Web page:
Mrs A. Thompson –v- Scancrown Ltd, trading as Manors In a case that received widespread…
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A senior airline engineer who was disciplined and demoted after making mistakes whilst servicing a passenger jet has been awarded almost £25,000 in compensation after an Employment Tribunal (ET) ruled that he was constructively unfairly dismissed (British Airways plc v Higgins).
Mr Higgins had been employed by British Airways plc for almost 30 years and was working a weekend shift at the time of the incident. He had complained about having to cope with a significant backlog of work with insufficient staff but had been told by his managers to do the best he could.
He was supervising contractors who had been brought in to assist him. He observed that their work was of high quality and so sample checked it without deeming it necessary to check every aspect of it. When one of them said that he had damaged a wire, Mr Higgins used the wrong type of splice to fix the problem. Proper scrutiny of the maintenance manual would have revealed his error. He also forgot to fill in a defect card before signing off the wiring work, which he had agreed to do as the contractor said he did not know how to do so.
Mr Higgins was suspended after the wiring defect was discovered. Following disciplinary proceedings, he was dismissed. He appealed against this decision and was instead given a final warning, to last two years, and demoted by three seniority grades. This involved a substantial loss of salary, benefits and responsibility. He resigned in response to the demotion. The ET subsequently found that British Airways had offered no potentially fair reason for Mr Higgins’s dismissal, having conceded that if the ET were to conclude that he had been constructively dismissed, then the dismissal was unfair.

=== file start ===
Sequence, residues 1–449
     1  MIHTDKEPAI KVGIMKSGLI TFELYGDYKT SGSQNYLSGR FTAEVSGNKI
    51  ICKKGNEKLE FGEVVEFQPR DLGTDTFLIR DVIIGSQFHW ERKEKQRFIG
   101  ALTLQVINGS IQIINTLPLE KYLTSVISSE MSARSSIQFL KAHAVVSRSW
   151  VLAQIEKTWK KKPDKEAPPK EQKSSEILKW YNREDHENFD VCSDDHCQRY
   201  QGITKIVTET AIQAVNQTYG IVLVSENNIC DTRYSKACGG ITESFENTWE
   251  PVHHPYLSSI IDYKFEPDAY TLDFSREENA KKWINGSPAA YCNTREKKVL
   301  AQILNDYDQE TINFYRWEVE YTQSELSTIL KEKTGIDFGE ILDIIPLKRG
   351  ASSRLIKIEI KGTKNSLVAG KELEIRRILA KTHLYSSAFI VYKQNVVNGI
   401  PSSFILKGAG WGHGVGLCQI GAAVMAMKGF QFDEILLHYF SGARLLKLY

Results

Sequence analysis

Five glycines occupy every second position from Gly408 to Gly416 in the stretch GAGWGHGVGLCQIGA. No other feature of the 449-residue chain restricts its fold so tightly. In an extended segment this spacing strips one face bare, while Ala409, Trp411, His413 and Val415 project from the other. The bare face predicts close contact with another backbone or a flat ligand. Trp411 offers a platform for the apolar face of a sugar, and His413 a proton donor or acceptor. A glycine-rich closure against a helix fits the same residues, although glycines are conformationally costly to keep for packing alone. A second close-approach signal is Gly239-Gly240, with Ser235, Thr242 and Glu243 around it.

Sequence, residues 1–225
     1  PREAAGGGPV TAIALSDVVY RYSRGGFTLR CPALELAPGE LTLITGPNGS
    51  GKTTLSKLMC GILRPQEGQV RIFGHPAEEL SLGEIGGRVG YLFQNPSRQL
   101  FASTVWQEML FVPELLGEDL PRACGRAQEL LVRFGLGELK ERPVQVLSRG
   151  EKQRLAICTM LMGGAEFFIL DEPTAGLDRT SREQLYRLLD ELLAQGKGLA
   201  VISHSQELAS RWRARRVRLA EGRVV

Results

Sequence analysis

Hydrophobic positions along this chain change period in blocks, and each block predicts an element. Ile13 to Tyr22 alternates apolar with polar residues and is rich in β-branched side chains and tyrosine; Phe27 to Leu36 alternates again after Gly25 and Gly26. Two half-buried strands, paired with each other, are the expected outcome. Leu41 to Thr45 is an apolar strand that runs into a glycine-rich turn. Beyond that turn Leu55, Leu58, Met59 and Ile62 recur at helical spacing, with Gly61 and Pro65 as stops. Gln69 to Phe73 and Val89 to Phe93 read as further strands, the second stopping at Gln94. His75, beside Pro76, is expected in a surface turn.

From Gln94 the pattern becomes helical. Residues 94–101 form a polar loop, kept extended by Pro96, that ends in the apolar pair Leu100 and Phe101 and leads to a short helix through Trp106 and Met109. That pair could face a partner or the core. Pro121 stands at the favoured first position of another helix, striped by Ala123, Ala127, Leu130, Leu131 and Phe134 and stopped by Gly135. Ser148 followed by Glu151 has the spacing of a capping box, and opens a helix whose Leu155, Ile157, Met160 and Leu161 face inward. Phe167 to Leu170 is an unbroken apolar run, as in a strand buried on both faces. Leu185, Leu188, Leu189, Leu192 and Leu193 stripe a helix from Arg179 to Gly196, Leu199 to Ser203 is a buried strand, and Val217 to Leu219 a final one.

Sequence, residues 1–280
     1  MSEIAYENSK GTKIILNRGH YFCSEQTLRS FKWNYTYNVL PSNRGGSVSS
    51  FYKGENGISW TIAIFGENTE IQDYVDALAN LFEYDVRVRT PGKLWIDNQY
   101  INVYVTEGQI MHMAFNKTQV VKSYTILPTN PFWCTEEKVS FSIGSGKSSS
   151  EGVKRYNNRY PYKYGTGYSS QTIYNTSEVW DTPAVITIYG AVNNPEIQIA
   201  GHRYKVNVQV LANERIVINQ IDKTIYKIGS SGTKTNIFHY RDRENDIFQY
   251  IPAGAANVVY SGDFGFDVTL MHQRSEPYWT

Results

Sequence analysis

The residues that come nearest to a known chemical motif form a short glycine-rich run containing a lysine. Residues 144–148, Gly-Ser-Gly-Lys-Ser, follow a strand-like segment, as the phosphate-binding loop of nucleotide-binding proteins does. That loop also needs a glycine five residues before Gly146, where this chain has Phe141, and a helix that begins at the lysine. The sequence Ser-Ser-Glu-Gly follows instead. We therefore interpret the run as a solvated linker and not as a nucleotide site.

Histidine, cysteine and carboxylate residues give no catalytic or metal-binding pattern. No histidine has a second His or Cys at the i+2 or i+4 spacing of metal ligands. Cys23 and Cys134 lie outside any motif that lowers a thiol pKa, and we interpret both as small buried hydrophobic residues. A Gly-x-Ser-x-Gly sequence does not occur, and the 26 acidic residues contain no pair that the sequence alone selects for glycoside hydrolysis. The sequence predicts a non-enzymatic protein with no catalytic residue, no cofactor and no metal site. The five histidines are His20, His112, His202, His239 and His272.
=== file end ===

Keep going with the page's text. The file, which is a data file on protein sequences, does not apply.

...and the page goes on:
In the ET’s view, Mr Higgins had been constructively dismissed in terms of Section 95(1)(c) of the Employment Rights Act 1996 (ERA) and the dismissal was unfair under ERA Section 98(4). As he had contributed to his dismissal by his own conduct, however, a 50 per cent deduction was made from his compensation award.
In challenging that ruling before the Employment Appeal Tribunal (EAT), British Airways argued that the ET had wrongly found that the demotion amounted to a breach of the implied term of trust and confidence in Mr Higgins’s employment contract, and in failing to consider whether demotion was within the range of reasonable responses to his misconduct, the ET had reached a perverse conclusion.
In rejecting the appeal, however, the EAT declined to consider legal arguments which had not been previously aired before the ET. The ET had been entitled to conclude that, if Mr Higgins had been constructively dismissed, it was common ground that the dismissal was unfair. The ET had carefully addressed the evidence and had not misdirected itself in law.
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